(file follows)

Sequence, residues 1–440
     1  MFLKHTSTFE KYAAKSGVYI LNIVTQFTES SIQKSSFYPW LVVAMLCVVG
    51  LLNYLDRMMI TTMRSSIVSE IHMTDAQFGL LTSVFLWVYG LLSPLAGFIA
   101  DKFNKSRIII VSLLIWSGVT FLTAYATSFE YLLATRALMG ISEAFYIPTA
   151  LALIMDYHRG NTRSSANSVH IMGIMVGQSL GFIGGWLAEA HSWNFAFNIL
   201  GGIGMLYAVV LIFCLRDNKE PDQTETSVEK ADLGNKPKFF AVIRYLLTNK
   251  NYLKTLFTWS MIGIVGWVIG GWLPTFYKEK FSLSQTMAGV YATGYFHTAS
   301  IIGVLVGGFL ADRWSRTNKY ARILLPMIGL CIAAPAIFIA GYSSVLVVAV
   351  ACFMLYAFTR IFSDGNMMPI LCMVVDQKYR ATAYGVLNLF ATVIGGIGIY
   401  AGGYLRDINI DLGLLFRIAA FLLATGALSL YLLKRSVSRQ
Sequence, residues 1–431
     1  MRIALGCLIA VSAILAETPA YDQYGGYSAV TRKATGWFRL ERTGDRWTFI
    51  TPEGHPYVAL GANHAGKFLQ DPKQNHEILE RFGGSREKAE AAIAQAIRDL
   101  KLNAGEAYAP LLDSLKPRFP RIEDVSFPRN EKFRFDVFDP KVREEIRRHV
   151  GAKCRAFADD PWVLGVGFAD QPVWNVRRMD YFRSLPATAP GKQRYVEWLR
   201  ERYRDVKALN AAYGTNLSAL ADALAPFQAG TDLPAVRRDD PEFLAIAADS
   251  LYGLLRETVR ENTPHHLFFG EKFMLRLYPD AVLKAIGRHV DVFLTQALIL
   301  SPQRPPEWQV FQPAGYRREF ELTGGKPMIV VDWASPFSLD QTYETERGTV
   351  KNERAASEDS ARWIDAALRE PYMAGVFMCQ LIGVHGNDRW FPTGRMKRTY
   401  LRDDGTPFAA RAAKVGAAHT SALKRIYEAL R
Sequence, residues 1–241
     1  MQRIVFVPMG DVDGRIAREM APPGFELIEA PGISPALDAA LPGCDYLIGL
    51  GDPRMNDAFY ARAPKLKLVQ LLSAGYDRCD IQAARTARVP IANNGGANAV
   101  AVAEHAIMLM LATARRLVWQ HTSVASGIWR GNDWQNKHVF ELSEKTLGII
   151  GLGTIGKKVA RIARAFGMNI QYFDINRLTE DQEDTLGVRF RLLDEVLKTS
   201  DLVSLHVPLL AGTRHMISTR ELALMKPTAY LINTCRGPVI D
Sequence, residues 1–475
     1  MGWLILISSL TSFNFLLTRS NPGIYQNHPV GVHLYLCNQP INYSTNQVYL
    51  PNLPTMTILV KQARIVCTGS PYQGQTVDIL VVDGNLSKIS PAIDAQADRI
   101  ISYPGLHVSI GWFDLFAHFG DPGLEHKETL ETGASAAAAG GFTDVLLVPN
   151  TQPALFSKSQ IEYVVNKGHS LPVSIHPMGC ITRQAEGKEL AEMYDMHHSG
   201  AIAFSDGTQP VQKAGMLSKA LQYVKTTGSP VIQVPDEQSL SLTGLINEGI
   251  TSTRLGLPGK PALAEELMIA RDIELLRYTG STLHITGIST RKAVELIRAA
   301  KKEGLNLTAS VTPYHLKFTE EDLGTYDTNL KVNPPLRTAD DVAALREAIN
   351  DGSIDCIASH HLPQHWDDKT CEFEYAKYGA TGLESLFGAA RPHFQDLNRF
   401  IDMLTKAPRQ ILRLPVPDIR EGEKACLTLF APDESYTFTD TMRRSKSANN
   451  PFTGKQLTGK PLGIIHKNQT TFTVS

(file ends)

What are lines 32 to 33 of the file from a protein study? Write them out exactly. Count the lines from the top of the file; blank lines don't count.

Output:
   201  AIAFSDGTQP VQKAGMLSKA LQYVKTTGSP VIQVPDEQSL SLTGLINEGI
   251  TSTRLGLPGK PALAEELMIA RDIELLRYTG STLHITGIST RKAVELIRAA